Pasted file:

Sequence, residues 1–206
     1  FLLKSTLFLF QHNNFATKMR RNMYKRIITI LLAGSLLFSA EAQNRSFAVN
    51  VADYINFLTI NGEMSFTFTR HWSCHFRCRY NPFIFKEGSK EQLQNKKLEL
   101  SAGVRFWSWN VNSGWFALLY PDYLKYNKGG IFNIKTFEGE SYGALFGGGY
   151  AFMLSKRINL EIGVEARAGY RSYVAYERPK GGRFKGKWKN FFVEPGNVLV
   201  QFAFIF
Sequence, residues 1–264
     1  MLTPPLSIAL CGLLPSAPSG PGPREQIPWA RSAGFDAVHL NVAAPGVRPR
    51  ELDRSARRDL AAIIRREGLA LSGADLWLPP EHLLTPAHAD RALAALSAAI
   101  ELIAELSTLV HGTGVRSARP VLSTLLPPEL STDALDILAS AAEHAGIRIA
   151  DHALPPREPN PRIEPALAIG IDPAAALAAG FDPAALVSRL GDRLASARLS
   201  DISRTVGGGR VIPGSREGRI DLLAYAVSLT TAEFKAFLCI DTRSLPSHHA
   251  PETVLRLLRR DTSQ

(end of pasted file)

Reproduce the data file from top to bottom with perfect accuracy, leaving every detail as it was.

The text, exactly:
Sequence, residues 1–206
     1  FLLKSTLFLF QHNNFATKMR RNMYKRIITI LLAGSLLFSA EAQNRSFAVN
    51  VADYINFLTI NGEMSFTFTR HWSCHFRCRY NPFIFKEGSK EQLQNKKLEL
   101  SAGVRFWSWN VNSGWFALLY PDYLKYNKGG IFNIKTFEGE SYGALFGGGY
   151  AFMLSKRINL EIGVEARAGY RSYVAYERPK GGRFKGKWKN FFVEPGNVLV
   201  QFAFIF
Sequence, residues 1–264
     1  MLTPPLSIAL CGLLPSAPSG PGPREQIPWA RSAGFDAVHL NVAAPGVRPR
    51  ELDRSARRDL AAIIRREGLA LSGADLWLPP EHLLTPAHAD RALAALSAAI
   101  ELIAELSTLV HGTGVRSARP VLSTLLPPEL STDALDILAS AAEHAGIRIA
   151  DHALPPREPN PRIEPALAIG IDPAAALAAG FDPAALVSRL GDRLASARLS
   201  DISRTVGGGR VIPGSREGRI DLLAYAVSLT TAEFKAFLCI DTRSLPSHHA
   251  PETVLRLLRR DTSQ